Washington Urges Bahrain To Reverse Latest Actions, Warns of Grave Consequences on Region
2016-07-02 - 3:16 ص
Bahrain Mirror: US State Department urged the Government of Bahrain to reverse their recent harmful actions, including the suspension of the opposition political society al-Wefaq, the extension of the prison sentence against al-Wefaq secretary general Sheikh Ali Salman, the detention of activist Nabeel Rajab, and the revocation of Sheikh Isa Qassim's citizenship.
In a daily press briefing held on Thursday (June 30, 2016), US Department of State Spokesperson, John Kirby, said: "We continue to urge the Government of Bahrain to reverse their recent "harmful actions", stressing that "the recent government actions against civil society will only lead to greater instability, with potentially grave consequences for not only Bahrain but also the broader region."
The comments on Bahrain are as follows:
Journalist: There's a bipartisan push in the Senate to stop selling arms to Bahrain because the senators believe doing so violates U.S. law. The State Department has criticized Bahrain for human rights violations. With this being the case, how is continuing arms supplies not a violation of U.S. law, or do you think it is at this point?
Kirby: Are you basing that on the fact that we got a letter from Congress, that question?
Journalist: Did you get a letter from - well, how is that -
Kirby: What I've said - we've seen reports of the letter, but we've not yet received it.
Journalist: But the arms supplies continue, and why do - why does the State -
Kirby: We continue to urge the Government of Bahrain to reverse their recent harmful actions. These, as you know, include the suspension of the opposition political society Al-Wefaq, the extension of the prison sentence against Wefaq secretary general Sheikh Ali Salman, the detention of activist Nabeel Rajab, and the revocation of citizenship of Sheikh Isa Qassim. As Secretary Kerry underscored to the Bahraini foreign minister, recent government actions against civil society will only lead to greater instability, with potentially grave consequences for not only Bahrain but also the broader region.
To your question, as you also well know, we had put restrictions on foreign military sales to Bahraini security forces recently. About a year ago, we lifted some but not all. And as I said about a week or so ago, we - we've proven in the past we're not afraid to put those kinds of limits in place if we feel like we need to, and we will continue to review our options going forward.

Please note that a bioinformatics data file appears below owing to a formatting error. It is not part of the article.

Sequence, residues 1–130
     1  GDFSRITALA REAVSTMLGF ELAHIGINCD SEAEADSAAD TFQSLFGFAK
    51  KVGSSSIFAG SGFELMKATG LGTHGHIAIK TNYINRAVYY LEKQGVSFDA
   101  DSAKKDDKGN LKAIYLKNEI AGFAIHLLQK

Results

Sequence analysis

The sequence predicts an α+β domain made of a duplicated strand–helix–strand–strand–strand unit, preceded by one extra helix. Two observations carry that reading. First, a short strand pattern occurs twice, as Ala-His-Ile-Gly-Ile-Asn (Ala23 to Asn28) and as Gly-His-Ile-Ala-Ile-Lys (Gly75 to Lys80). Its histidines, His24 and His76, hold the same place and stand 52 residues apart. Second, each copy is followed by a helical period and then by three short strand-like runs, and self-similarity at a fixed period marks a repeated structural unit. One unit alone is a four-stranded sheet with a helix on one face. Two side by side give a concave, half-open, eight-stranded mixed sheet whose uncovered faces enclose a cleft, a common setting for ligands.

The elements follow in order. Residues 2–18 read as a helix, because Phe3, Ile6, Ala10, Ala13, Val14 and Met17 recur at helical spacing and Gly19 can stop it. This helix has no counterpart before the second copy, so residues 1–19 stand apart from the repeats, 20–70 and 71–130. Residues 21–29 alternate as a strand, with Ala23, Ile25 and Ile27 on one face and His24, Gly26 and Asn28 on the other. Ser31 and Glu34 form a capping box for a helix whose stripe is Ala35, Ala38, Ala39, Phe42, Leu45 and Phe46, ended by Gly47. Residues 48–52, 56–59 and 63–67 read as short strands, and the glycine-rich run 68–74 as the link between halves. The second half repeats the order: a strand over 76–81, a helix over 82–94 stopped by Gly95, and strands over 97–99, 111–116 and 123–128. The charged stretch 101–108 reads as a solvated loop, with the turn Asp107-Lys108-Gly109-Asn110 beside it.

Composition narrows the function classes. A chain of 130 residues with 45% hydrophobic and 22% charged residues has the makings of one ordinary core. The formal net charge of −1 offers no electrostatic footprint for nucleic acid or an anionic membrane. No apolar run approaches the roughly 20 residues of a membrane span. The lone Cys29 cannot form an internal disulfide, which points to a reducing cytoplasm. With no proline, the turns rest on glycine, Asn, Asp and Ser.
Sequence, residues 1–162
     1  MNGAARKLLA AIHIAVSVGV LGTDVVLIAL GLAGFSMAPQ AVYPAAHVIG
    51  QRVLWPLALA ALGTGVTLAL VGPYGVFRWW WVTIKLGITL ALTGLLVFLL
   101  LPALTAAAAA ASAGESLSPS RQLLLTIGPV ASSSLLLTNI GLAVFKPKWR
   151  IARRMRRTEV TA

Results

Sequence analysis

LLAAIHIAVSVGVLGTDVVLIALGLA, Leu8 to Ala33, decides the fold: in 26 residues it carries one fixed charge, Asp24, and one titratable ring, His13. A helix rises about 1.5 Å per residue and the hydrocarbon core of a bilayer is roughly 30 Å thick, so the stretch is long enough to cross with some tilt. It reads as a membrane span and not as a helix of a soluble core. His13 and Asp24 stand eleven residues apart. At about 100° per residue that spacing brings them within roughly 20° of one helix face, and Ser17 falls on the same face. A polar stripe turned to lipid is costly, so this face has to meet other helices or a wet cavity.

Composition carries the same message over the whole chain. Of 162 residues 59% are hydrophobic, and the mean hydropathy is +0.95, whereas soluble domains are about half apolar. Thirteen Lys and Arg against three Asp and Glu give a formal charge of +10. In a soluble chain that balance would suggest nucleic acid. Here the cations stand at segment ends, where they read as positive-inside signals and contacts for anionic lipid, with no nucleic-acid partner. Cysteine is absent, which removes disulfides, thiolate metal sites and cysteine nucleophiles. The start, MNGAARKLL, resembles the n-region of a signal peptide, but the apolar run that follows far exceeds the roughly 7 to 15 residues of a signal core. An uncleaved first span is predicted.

Journalist: But it is up to the State Department to determine Bahrain is a systematic violator of human rights. What does Bahrain have - what else does Bahrain have to do for the State Department to make that determination and stop arms supplies?
Kirby: I'm not going to - I won't speculate about specific determinations one way or the other. I think I've been very clear about what we expect of Bahrain's leaders. And I think we've been very clear about our concerns about very specific recent actions that they've taken, and we've been very clear about urging Bahrain to reverse those exact actions, every one that I just mentioned. So you ask me: What do they need to do? They can start by reversing those actions, which we have said to them in numerous ways. And again, I'm not going to speculate one way or the other about where things go. What we want to see happen right now is for them to reverse those actions.
Journalist: But why does the U.S. continue arms sales despite the concerns that you have voiced?
Kirby: We lifted - we had stopped them altogether, as you know. We lifted - a partial element of them to help Bahrain deal with real, tangible counterterrorism threats that they face. But we didn't take all of it away, and there were still some in place over some of the interior ministry police forces, because we believe that there still - there was more work that needed to be done. And we still believe there's more work to - needed done. And that restriction is still in place, and I won't speculate going forward about what decisions we might or might not make. What we're focused on right now are the decisions that Bahrain has made recently and seeing those decisions reversed.
Journalist: But are you at all concerned that Bahraini authorities may use some of the U.S.-provided weapons to crack down on the opposition?
Kirby: We always have concerns about the end use of items that are inside the Foreign Military Sales program and there are often - and I won't - I can't cite chapter and verse in this case, but there are limits placed upon that, end-use limits that are placed upon articles that - in the Foreign Military Sales program. And again, what was lifted was certain items - and I can get you the list of specific items that were lifted, but certain items that were geared towards counterterrorism efforts and counterterrorism capabilities that Bahrain continued to need. But yes, there's limits, of course, on that.
Journalist: But just to be clear, at present you do not think that continuing -
Kirby: I'm not going -
Journalist: - arms supplies to Bahrain violates U.S. law at this point?
Kirby: I have answered your question, and we're going to continue to review Bahrain's actions going forward. And I'm not going to speculate one way or another about decisions that haven't been made yet.
التعليقات المنشورة لا تعبر بالضرورة عن رأي الموقع
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